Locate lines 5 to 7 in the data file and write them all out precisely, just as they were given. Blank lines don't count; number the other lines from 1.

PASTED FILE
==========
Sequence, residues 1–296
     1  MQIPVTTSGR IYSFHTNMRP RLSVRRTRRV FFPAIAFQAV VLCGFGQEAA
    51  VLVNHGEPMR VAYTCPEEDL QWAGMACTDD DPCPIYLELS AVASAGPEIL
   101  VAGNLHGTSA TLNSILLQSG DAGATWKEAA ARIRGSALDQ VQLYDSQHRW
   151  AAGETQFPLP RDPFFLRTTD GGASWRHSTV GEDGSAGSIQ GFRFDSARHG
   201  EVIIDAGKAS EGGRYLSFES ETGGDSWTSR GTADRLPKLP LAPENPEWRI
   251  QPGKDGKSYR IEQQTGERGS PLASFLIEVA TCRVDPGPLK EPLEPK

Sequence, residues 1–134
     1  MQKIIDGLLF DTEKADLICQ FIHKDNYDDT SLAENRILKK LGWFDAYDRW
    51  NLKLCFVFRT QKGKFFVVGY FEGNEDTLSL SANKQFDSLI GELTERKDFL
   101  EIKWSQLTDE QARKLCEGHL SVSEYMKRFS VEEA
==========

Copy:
   151  AAGETQFPLP RDPFFLRTTD GGASWRHSTV GEDGSAGSIQ GFRFDSARHG
   201  EVIIDAGKAS EGGRYLSFES ETGGDSWTSR GTADRLPKLP LAPENPEWRI
   251  QPGKDGKSYR IEQQTGERGS PLASFLIEVA TCRVDPGPLK EPLEPK